PHILADELPHIA — The Phillies announced on Thursday they have hired Juan Samuel to be their third-base coach and outfield instructor.
Sam Perlozzo, who served as the team’s third-base coach the previous two seasons, will move from third to first base and handle the club’s baserunning instruction. The Phillies hired Samuel because Davey Lopes, who handled the team’s outfield and baserunning duties as first-base coach the previous four seasons, left the organization following a stalemate during contract negotiations.
Samuel and Perlozzo join pitching coach Rich Dubee, hitting coach Greg Gross, bench coach Pete Mackanin and bullpen coach Mick Billmeyer on the 2011 coaching staff.
“I feel fortunate that we were able to add someone of Juan’s stature to our coaching staff,” Phillies manager Charlie Manuel said in a statement. “He was a tremendous Major League player and a big part of Phillies history, and I’m looking forward to him passing on his knowledge of the game to our players. He’s a great addition to our organization.”
There were indications Samuel would return to Baltimore next season as its third-base coach, but the sides never finalized a deal, and the Phillies wooed him to Philadelphia.
Samuel, 49, was the Orioles’ third-base coach from 2007-10. He also served as interim manager this season after the Orioles dismissed Dave Trembley. Samuel also served as a first- and third-base coach with the Detroit Tigers (1999-2005).
Samuel, a three-time National League All-Star, played with the Phillies from 1983-89 and was inducted into the organization’s Wall of Fame in 2008. He hit .259 with 161 home runs, 703 RBIs and 396 stolen bases in 1,720 games for the Phillies, Mets, Dodgers, Royals, Reds, Tigers and Blue Jays.
He is the 34th man in franchise history to both play and coach for the Phillies.
Okay. Let me get this straight: Juan is joining the staff to replace Davey Lopes, but, he is going to be the team’s third-base, not first-base, coach, and will also work with the outfielders, while Sam Perlozzo will now become the team’s first-base coach and will be handling the baserunning duties?!? Anyone else besides me confused by this arrangement? Okay, guys, you better know what you’re doing since I think Juan should be the one handling the baserunning duties and vice versa. I’ll guess we’ll all see how it works out during the ’11 season.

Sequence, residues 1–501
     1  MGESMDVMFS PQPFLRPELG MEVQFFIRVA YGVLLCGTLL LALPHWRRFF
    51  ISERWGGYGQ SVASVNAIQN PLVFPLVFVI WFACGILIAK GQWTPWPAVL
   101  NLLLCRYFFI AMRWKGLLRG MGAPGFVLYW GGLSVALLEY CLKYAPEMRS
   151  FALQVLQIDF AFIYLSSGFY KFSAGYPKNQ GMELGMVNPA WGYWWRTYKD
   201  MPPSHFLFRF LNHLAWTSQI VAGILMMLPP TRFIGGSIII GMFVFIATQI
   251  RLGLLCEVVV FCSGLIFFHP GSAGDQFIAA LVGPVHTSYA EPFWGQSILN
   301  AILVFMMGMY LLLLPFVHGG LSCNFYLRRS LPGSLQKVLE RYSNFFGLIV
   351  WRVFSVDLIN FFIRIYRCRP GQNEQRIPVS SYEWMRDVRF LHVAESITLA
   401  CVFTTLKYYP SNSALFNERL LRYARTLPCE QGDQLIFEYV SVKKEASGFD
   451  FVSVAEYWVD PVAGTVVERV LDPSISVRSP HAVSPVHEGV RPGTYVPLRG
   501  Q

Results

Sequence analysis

With that said, welcome back, Juan.
Utley reinstated from disabled list.
Second baseman Chase Utley has been reinstated from the 15-day disabled list, Senior Vice President and General Manager Ruben Amaro Jr. announced today. To make room for him on the 25-man roster, the Phillies designated infielder Greg Dobbs for assignment.
Utley, 31, was originally placed on the disabled list on June 29 and had surgery to repair a torn ligament in his right thumb on July 1 at the Hospital for Special Surgery in New York City. He played in four rehab games with single-A Clearwater, three at second base and one at DH, going 3-for-12 with two triples, one RBI, one walk and one run
In 72 games this season, Utley is batting .277 with a .383 on-base percentage, 11 HR, 37 RBI and 49 runs scored. He also has an active 15-game on-base streak heading into Tuesday night’s game against San Francisco.
Dobbs, 32, hit .191 with four home runs and 14 RBI in 76 games this year for Philadelphia.
Welcome back Chase. We’d missed you. Hope you’re ready to contribute. Sorry to see you go, Greg, but, well, your bat just wasn’t there.
Sweeney brought aboard by Phillies
First baseman acquired from Seattle for player to be named later.
By Charlie Nobles / Special to MLB.com
MIAMI — First baseman Mike Sweeney was acquired by the Phillies from the Mariners on Wednesday for a player to be named later or cash considerations, vice president and general manager Ruben Amaro Jr. announced.
Phillies manager Charlie Manuel expects Sweeney, 37, to get the bulk of playing time at first base until Ryan Howard, who was put on the disabled list Sunday, returns possibly in mid-August.
“I haven’t seen him in a couple of years, but he knows how to hit,” Manuel said.
The Phillies expect him to arrive on Thursday, before the final game of their three-game series with the Marlins at Sun Life Stadium.
Sweeney, a five-time American League All-Star, came into the season with a career .298 batting average over 16 seasons. He was batting .263 with six home runs and 18 RBIs over 30 games for the Mariners this season,
including three starts at first base.
Sweeney has hit at least 20 home runs in six seasons, including 29 in back-to-back seasons (2000-01).
“He’s always been able to hit the ball,” said Phillies outfielder Raul Ibanez, who has known Sweeney since they were on the same team in Class A.
“He has some power, too,” Ibanez added. “He’s played in some big parks, but he’s always hit the ball hard.”
Sweeney’s hitting pedigree combined with the fact he has made 570 career starts at first base prompted the Phillies to make the move.
According to Ibanez, they also are getting a special person.